Dear Persistence of Vision,
“Persistence of vision refers to the optical illusion whereby multiple discrete images blend into a single image in the human mind, and was once believed to be the explanation for motion perception in cinema and animated films.”
To try and write about this film in the usual way would be to miss the point entirely, I think.
We all tell ourselves stories in order to make sense of the world: this is the third time today I‘ve seen the word placenta, so my wife must be pregnant; that dog crossing the road on its own must have negligent owners; I found twenty dollars—going to be my lucky day. All these brief, self-created narratives seek to make sense of the endless parade of random events that suddenly appear before us, to give context to something that is without intrinsic meaning. Finding linkages between these events, creating an order from them, is one of the reasons humans have pumpkins for heads—an evolutionary compromise necessitated by the wetware required.
That is where you come in. To interact in any meaningful way with this film requires a more metaphorical approach. And while you have fallen out of favor as a scientific explanation, you still provide a useful framework. After all, the project of wrestling discrete, separate moments into a contiguous and meaningful narrative is the central project of every human being—which makes it fair game for Malik’s particular sensibilities.
Knight of Cups effectiveness hinges on Malik’s interpretation of someone’s un-arbitrated memories: the raw sensory data of a person’s life (in this case Christian Bale as a Hollywood screenwriter) before it has been run through the filtering software in his head. So the film unspools without the kind of interstitial mending that conventional narratives lean so heavily upon. The connective pieces are missing, one image simply crowds the previous image out of frame, so that watching Knight of Cups is a disconcerting and often unsettling experience. This seems both a creative choice about how to visually portray this particular sort of existential crisis, as well as having the audience experience, in a visceral way, the unsettling bewilderment that accompanies this sort of profound disconnection.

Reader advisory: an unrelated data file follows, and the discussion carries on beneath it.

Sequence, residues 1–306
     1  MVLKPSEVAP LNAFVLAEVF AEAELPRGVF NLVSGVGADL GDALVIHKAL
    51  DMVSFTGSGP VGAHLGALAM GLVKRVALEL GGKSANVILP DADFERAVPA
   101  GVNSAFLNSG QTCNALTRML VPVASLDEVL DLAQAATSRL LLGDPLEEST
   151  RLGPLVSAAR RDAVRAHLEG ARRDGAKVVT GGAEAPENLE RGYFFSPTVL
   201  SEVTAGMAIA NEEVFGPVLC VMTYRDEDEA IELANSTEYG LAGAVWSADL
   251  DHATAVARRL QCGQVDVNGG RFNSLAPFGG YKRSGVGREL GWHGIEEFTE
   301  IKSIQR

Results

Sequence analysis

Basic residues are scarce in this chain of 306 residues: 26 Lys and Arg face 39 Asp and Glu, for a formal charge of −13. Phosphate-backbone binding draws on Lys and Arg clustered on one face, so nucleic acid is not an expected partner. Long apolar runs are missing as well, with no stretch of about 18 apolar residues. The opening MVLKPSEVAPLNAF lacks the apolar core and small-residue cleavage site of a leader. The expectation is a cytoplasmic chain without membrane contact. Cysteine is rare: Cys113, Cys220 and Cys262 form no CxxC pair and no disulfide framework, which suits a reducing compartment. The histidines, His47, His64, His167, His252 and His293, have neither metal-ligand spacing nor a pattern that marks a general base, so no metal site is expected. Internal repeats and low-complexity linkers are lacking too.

The central thesis of Knight of Cups is how fractured existence can be for someone who lacks an organizing principle (in Malik’s case what he would describe as a spiritual center). That the connective tissue we create to make sense of the world is most effective when filtered through a particular lens, and lacking that filter, we are condemned to a series of disconnected, hazy moments piling one atop of another—and Malik’s uncompromising portrayal of the fractured and often incoherent nature of that struggle is why this film is often so difficult to parse.
Knight of Cups portrays what life is like for a person who lacks the will to maintain persistence of vision in their moment-to-moment existence. It is not that Bale’s character lacks the basic tools to create meaning; so much as he seems disinclined to make the effort required—and that is why the Hollywood setting is essential, as it so succinctly underscores that emptiness and lack of connection. The only time the film feels at peace with itself are the moments where Bale has removed himself from that environment, and Malik’s camera finds him wandering through some pastoral setting: a beach, a field, a mountain range.
I can certainly understand how this film would simply not register with some. Those who feel at peace in their lives, who have a sense of purpose and direction, probably won’t feel a need to engage with what is at work here, For me it was a powerful (and often unsettling) encounter, heightened by cinematographer Emmanuel Lubezki’s tendency to ride Bale’ shoulder with his camera. Images are alternately gauzy and ephemeral, and then all of sudden right up close: sharp, crisp, and often unkind in their honesty.
Many people struggle to describe the experience of watching a Terrence Malik film, so I’m certainly not alone in that. His work seems to defy a particular sort of analysis, even if just by avoiding convention and categorization. But given how stubbornly we humans try to give order and meaning to what is essentially ineffable, I will say this: whatever happened to me while watching this film was profound. And maybe it’s okay that I can’t describe that experience fully, since my interpretation of the film’s value is specific to me and my attempt to create meaning out of something I‘m not sure I will ever completely understand.